“Sweetie, you’re insane,” Mark says and looks totally serious, as if he means every singe word, particularly the last. “Even if we could go to Berlin on short notice, which we can’t, my parents and yours I might add would search for us and then imprison us for the rest of our lives.”
“It’s not like I suggest going there without telling them,is it?” I say. “They would accept it. Eventually. Maybe. In the mean-time, we would, you know, be in Berlin!”
“A horribly place, without the food of Paris and the fashion sense on London. Or the atmosphere of Rome. Imagine Alan Titchmarsh on the telly, and realising it’s the flipping Prime Minister, or whatever they call it there.”
“Chancellor. That’s an awfully condescending thing to say. Berlin is by all account a dynamic and thriving and happening city. Fun and interesting. You’d love it there. As would I.”
“Sorry, you’ll just have to bite your teeth and grit it out. We’re not abandoning everyone for the capital of German decadence just because you don’t want to cook Christmas turkey. Just grin and bear it, Sweetie.”
“Do I have to?”
The main duty of mine this term was to write a term paper, and that I have done now. I handed it in, nearly a week ahead of time. I could have sat on it longer, but it would mean I’d polish it needlessly. It was ready, and the only choices left were linguistic ones.
My friends seem to be panicking. Mark appears to go for a bald look, as he sits at his desk with the paper and groans loudly now and then and tears his hair. An exasperated groan, as if the paper is personally insulting to him. But he sits there. And groans. And uses words that, if I quoted him, would put an age lock on this blog.
I think I’ve been helped by my novel-writing for once. I don’t have the fright of long texts, and I know how to structure them. I know how to order them in my head, and break long works into little chunks which aren’t so intimidating. And that’s why I started to skeleton the paper ages ago, and could flesh it out over time.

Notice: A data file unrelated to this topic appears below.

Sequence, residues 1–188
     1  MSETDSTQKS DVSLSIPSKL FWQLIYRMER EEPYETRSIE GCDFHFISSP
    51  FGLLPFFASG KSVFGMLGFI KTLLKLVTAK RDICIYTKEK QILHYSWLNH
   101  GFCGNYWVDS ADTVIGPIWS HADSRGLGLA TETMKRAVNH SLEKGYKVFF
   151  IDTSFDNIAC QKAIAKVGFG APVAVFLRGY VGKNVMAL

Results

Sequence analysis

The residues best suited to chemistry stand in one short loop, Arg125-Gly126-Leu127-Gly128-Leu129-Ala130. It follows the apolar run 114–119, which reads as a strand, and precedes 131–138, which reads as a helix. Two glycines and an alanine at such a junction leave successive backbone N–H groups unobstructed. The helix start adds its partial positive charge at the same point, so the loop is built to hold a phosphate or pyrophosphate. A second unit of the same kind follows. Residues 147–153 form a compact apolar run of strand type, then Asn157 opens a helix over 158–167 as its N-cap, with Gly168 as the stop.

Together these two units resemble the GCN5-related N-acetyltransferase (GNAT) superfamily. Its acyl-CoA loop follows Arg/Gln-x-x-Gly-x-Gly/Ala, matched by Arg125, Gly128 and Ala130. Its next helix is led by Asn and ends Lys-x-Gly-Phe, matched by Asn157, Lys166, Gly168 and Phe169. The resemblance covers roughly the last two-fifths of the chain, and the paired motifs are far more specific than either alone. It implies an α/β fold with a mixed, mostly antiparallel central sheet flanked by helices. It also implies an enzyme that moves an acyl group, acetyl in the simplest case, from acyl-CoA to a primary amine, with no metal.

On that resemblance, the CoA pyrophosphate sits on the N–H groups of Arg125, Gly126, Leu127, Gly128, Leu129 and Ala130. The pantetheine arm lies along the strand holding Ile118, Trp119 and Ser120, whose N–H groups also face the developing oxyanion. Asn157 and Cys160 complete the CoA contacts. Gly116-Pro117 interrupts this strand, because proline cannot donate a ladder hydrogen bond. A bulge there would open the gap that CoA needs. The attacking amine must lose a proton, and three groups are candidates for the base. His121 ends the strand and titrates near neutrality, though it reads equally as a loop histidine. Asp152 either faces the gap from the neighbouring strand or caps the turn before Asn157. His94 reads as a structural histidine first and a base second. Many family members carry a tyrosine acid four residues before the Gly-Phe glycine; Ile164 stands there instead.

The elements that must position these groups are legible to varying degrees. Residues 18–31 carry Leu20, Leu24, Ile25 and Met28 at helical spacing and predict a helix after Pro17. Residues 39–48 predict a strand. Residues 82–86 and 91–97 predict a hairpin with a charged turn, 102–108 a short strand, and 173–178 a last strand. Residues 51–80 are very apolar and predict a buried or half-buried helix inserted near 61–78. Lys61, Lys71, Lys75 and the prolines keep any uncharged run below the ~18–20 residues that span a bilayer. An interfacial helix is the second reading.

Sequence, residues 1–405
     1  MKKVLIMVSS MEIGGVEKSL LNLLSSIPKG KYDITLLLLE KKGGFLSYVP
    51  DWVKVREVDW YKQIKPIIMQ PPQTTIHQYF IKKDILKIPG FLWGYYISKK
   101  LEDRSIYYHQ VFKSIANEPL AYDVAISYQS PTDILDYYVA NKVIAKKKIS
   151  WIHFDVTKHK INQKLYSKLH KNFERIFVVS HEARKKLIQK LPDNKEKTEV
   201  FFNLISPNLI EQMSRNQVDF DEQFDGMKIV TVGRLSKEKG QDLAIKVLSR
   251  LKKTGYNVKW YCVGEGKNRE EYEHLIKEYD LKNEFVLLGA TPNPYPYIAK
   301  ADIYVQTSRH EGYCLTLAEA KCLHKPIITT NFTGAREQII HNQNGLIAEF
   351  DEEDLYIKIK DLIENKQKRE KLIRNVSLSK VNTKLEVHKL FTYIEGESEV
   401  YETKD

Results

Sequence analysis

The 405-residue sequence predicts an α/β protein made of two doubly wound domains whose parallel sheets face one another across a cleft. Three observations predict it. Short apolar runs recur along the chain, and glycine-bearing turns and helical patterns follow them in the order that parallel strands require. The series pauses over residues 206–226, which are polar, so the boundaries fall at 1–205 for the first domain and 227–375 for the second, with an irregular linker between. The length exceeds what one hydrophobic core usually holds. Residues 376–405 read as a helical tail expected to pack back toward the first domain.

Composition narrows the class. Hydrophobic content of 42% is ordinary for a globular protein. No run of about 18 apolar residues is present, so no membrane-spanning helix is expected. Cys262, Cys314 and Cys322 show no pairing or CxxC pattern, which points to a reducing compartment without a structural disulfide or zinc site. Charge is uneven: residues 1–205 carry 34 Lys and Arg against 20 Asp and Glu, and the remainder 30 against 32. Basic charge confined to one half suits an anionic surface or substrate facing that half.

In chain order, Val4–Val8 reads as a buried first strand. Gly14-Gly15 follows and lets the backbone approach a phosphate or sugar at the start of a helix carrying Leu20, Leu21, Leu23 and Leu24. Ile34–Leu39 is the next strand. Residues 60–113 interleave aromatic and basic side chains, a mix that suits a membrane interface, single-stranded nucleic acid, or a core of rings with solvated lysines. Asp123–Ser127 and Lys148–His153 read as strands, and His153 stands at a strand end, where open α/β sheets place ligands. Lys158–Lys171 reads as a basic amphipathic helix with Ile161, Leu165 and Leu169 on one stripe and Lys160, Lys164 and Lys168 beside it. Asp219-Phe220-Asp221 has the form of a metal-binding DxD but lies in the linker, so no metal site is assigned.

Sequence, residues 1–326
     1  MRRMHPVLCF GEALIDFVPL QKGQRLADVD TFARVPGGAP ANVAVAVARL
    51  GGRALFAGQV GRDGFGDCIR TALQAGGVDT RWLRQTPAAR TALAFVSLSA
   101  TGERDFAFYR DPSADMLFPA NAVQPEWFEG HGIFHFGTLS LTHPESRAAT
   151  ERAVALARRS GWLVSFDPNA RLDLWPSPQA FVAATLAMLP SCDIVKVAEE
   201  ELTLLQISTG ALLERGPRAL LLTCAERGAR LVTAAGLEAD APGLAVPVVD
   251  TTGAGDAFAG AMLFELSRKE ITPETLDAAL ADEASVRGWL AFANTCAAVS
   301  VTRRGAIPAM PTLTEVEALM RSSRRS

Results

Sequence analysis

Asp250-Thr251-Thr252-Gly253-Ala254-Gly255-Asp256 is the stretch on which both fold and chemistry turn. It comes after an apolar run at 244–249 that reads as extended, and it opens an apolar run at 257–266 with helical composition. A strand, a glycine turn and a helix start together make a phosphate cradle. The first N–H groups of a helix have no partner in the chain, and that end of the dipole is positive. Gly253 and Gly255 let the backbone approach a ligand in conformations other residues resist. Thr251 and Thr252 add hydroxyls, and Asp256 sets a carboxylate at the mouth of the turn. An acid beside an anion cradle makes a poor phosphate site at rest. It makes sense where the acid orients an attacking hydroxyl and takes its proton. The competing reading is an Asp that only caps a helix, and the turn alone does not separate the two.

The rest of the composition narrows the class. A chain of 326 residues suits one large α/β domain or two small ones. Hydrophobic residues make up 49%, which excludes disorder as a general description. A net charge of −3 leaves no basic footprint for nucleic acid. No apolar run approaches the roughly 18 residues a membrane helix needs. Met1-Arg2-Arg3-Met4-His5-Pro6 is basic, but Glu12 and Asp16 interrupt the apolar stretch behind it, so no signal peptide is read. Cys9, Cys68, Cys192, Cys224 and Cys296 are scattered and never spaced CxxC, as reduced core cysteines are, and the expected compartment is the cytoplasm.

Many of my friends seem to have been intimidated by the length of it, and have put it off, and now with just a week to go before the papers have to be delivered, they are fretting and cursing and complaining. And tearing their hair.
It would be a shame if Mark went for the bald look. I don’t think it would suit him. And there would be nothing to run my fingers through when we’re in the sofa in the evening watching the telly.
I have informed my parents and in-laws that we’re staying put where we are over the holidays. Which means they’re coming here for Christmas. Well, everyone except for Dad. Which means we’re going to have to cook a lot of food for Christmas day because there will be like ten people here then.
I am thinking now that I should have shut up about it, and waited for them to make plans elsewhere. Then I could have told them at the last moment so that they could not rearrange things without offending lots of people.
Our Christmas for Two looks like it’s out of the window. At least we won’t have to go anywhere, but we need to make a lot of effort to cook and clean and prepare. Which makes me wonder if it hadn’t been the easier option to just go to them.
But at least, we’ve started to look at trees. With Mark’s asthma we can’t have a real Christmas tree, so we’re looking at plastic ones. It feels quite cheap and silly, to be honest. The ones we’ve looked at seem like they’d fall apart after three days.
Berlin sure looks tempting, doesn’t it? I don’t see why Mark should object to going on a train, with a couple of small bags, and a couple of weeks to explore that city. It’s not like we won’t eat Christas turkey ever again, is it?